Friar Basketball

“20 in 60”: #10 Goldsbrough’s Junior Season


Trying to get to the bottom of why Danny Ainge gave Brian Scalabrine (then a fourth year power forward with a career shooting percentage under 40%) a five year contract worth $15 million in the summer of 2005, I reached out to a long-time Nets follower to see what I might have been missing.  His response in regards to what he does well?  “He doesn’t ever hurt you when he’s on the floor.”

It wasn’t exactly a ringing endorsement at the time, and in hindsight a five year deal for an end of bench player like Scalabrine was certainly a stretch, but it was an accurate assessment.  Scalabrine knew what his defensive assignments were, knew where the ball was supposed to go, and when disregarded on offense was capable of knocking down an occasional jumper or two.

It’s difficult to glean much from the first two years of Lee Goldsbrough’s career at Providence.  He’s taken only 22 shots from the field and eight free throws in his two collegiate seasons combined.  Goldsbrough did start a handful of games early last season, and when asked by John Rooke about the 6’9 power forward’s role, associate coach Andre Lafleur gave what amounted to a similar scouting report to what I’d been told about Scalabrine seven years prior: he had a sound understanding of the offense and wasn’t turning the ball over.  On a team desperate for stability it got him solid playing time early.

Over the first six games of last season Goldsbrough played 112 minutes (20.3 mpg) and only turned the ball over four times.  Conversely, he wasn’t exactly creating offense for himself, or others — attempting only six shots and dishing out four assists.

The minutes disappeared for Goldsbrough once the team returned from a November tournament in South Padre in which he played a combined 29 minutes in losses to Iowa State and Northern Iowa.  He did not see the floor in nine of the 18 Big East contests, and played two minutes or less in four others. After seeing 112 minutes in the first six games he played only 67 the rest of the way.

Early playing time figures to be available once again in 2012-13, with the Friars featuring a mere seven scholarship players for the first semester.  Goldsbrough will look to crack a frontcourt rotation that will most likely include LaDontae Henton at power forward, along with Kadeem Batts and Brice Kofane.  While Henton proved to be a matchup nightmare at the power forward spot a season ago, he may slide over to small forward at times early to account for a lack of depth on the wings, as only Vincent Council, Bryce Cotton and freshman Josh Fortune will be available to man the 1-3 positions in the first semester.  This could open up frontcourt minutes early for Goldsbrough.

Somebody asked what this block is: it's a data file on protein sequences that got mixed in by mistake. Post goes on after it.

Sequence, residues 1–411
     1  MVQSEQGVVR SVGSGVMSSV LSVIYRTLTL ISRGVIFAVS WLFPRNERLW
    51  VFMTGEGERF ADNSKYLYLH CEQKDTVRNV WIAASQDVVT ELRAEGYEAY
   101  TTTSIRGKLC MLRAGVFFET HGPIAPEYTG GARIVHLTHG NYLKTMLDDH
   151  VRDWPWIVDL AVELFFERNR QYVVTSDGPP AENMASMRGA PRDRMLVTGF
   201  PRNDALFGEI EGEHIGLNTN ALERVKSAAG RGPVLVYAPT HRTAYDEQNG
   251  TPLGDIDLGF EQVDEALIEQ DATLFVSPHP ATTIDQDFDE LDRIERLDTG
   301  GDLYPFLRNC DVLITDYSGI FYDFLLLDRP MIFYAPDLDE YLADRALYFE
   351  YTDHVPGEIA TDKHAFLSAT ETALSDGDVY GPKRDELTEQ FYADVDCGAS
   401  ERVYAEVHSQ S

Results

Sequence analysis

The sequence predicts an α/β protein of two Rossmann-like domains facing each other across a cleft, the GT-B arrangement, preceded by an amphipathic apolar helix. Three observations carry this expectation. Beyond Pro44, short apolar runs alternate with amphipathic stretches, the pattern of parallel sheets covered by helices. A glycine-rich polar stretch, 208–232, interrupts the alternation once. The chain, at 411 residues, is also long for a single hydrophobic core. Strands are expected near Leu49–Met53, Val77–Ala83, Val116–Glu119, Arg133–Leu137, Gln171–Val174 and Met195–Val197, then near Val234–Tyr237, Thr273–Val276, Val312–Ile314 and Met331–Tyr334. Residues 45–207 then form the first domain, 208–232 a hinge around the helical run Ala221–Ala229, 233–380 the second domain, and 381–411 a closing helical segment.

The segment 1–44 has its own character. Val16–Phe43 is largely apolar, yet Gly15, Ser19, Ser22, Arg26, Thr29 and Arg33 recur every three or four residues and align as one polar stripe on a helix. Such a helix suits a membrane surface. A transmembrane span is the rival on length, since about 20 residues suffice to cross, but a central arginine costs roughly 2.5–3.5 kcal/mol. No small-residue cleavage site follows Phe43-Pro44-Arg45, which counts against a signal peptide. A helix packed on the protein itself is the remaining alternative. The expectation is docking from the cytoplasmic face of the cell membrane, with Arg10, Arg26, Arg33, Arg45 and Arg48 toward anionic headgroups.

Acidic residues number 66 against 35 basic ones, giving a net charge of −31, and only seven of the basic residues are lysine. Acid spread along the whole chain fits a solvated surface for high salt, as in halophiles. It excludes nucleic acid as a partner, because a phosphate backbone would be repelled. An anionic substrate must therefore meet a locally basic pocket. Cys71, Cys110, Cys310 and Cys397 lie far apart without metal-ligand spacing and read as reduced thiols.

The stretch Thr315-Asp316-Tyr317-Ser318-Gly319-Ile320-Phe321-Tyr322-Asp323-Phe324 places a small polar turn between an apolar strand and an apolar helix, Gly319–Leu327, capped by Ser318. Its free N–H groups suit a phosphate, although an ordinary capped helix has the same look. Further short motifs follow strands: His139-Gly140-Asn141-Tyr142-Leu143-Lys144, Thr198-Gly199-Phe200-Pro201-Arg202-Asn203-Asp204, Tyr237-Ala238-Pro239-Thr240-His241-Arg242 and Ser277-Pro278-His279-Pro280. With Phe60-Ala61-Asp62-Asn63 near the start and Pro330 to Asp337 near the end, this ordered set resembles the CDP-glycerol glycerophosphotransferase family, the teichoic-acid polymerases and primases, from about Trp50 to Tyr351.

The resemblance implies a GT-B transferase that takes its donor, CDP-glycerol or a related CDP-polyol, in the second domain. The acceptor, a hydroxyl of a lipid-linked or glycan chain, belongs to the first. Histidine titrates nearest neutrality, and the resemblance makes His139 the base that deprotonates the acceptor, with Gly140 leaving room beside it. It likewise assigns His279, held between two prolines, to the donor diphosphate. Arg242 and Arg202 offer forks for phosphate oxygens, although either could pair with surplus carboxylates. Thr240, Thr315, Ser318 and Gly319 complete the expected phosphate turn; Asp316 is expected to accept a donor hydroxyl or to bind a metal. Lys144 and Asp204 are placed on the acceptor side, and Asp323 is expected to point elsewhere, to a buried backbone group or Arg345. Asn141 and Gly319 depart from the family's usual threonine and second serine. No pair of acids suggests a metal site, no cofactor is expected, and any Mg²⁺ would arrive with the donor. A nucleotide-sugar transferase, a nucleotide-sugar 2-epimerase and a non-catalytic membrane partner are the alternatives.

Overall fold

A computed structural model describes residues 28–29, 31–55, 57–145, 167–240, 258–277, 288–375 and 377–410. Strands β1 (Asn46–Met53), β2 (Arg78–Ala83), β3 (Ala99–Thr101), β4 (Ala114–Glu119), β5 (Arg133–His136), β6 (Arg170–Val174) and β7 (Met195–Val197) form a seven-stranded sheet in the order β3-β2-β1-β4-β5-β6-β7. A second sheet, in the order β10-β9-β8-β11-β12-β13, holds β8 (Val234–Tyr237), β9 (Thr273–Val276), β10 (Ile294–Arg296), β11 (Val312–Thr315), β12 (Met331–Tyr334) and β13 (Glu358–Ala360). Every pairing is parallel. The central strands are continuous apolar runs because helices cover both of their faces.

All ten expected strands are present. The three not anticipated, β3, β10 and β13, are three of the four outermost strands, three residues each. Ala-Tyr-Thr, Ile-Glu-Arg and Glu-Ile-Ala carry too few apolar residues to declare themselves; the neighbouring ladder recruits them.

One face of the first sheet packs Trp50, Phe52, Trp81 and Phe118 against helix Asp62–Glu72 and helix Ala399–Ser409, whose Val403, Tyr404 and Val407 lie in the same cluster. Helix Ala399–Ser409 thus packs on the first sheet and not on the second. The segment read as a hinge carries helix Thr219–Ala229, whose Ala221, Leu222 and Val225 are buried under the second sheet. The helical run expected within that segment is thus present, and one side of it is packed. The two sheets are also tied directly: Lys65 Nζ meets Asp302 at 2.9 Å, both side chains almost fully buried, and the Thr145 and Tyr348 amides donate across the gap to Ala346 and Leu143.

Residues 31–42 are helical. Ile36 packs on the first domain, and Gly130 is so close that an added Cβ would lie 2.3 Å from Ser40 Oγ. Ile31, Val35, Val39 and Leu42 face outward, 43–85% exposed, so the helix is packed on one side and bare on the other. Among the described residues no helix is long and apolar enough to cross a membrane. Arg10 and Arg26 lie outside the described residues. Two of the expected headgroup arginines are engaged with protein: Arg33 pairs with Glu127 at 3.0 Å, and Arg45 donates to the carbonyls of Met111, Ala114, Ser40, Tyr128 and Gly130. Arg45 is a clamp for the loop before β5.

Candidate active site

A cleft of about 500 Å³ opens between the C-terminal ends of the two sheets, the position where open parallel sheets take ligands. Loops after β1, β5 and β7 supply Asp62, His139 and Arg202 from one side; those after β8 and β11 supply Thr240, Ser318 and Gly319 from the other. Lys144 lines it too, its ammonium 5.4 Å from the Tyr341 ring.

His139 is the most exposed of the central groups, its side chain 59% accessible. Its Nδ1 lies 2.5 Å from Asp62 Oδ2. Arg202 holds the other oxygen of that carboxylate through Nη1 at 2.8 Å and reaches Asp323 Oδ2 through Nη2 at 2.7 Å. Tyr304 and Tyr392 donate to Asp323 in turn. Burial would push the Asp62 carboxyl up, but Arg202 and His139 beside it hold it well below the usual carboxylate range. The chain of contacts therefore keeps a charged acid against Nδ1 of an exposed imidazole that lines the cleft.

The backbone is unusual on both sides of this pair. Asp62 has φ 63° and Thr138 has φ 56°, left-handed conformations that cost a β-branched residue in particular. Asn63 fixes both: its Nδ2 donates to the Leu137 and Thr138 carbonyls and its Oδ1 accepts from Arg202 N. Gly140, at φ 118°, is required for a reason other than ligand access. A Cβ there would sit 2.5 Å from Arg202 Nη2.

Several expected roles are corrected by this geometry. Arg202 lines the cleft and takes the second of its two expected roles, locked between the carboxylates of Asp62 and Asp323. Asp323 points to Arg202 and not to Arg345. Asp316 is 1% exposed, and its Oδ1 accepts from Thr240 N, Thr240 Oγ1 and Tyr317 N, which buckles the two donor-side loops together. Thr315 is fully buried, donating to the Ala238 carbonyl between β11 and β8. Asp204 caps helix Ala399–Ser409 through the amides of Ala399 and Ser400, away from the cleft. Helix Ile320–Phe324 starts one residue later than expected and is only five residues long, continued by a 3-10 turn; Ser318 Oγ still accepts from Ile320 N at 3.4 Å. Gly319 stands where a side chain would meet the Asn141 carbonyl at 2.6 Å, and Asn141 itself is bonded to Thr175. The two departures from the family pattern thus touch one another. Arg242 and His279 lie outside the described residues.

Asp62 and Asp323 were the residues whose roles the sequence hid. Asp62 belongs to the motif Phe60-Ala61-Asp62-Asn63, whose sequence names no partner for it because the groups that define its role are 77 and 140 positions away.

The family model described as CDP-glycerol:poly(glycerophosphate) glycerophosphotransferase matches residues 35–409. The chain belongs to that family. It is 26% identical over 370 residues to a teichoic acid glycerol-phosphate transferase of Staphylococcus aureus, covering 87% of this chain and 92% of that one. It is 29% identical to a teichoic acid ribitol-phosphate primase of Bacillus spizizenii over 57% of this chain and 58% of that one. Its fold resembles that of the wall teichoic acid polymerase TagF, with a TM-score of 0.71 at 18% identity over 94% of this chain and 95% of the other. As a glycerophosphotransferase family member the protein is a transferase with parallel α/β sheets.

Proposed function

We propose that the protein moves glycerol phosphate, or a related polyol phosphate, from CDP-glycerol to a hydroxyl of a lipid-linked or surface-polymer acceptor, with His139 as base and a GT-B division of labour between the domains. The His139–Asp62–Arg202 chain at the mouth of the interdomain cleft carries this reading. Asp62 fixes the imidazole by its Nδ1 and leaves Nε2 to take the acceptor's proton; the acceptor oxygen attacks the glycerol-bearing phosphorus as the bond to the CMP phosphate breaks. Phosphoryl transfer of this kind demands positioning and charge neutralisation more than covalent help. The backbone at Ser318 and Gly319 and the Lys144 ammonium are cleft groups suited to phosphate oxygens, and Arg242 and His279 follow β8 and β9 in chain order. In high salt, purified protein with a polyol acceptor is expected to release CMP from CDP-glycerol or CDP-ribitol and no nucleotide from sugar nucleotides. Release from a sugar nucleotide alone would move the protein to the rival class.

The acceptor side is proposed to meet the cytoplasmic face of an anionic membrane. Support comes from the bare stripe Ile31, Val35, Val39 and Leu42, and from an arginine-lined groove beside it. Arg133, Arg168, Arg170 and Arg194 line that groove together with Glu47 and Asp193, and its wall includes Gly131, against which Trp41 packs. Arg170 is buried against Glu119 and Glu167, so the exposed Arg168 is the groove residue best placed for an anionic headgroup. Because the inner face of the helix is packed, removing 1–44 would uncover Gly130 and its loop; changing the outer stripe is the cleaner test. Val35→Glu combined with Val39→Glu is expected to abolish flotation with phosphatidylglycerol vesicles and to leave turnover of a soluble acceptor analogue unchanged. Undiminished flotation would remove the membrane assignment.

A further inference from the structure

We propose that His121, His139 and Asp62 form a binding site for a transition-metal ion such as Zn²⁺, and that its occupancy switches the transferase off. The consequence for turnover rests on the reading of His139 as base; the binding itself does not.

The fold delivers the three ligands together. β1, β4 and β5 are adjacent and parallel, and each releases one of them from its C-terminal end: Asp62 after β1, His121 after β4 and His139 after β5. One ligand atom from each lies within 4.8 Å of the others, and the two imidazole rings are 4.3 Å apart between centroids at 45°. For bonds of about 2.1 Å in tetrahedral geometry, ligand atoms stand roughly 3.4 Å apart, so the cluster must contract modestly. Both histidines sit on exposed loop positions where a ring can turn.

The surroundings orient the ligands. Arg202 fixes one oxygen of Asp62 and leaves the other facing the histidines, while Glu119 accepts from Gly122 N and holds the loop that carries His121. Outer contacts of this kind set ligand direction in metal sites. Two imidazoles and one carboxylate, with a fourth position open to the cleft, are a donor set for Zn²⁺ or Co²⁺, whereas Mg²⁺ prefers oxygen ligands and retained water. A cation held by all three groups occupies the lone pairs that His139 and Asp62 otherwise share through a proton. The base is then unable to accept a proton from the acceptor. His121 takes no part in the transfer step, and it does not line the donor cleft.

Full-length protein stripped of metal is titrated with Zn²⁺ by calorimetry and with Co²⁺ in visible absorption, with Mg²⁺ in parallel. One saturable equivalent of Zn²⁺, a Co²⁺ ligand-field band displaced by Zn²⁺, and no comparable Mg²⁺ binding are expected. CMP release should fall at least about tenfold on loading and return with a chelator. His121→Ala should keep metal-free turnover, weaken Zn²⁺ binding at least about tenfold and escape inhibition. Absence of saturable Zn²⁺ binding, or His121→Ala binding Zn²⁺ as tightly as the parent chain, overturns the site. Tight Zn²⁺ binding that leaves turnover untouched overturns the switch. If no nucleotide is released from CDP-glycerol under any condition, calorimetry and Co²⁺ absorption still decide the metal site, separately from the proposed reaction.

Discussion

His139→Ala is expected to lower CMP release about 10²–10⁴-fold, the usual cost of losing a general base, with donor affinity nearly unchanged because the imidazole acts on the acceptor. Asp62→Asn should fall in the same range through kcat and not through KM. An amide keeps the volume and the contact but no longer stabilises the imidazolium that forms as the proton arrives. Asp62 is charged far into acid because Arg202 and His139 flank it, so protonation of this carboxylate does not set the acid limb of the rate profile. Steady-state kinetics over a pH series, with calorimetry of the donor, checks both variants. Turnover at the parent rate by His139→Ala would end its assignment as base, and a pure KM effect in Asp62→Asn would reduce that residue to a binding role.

Key to Goldsbrough’s season could be his adjustment to the speed of the game.  He’s a sound, if not great, shooter in workouts.  He has a willingness to mix it up inside, but not the athleticism to be a factor on the boards.  The game has seemed a bit fast for Goldsbrough in his first two seasons on campus, but perhaps in his third it will slow down a bit and he’ll be able to flash the face-up game that he was brought in for by the previous coaching staff.

Goldsbrough may not hurt the Friars when on the floor in the early portion of the schedule, but in order to maintain that playing time he’ll most likely have to have more of an impact on both sides of the ball in order to keep a rotation spot once Kris Dunn and Sidiki Johnson return.

Over/under for the 2012-13 season:

Season high in points – 11

  • Belhumeur – under
  • Farrahar – under
  • Leighton – under

Season high in rebounds – 9

  • Belhumeur – under
  • Farrahar – under
  • Leighton – over

Games started – 3

  • Belhumeur – over
  • Farrahar – under
  • Leighton – over

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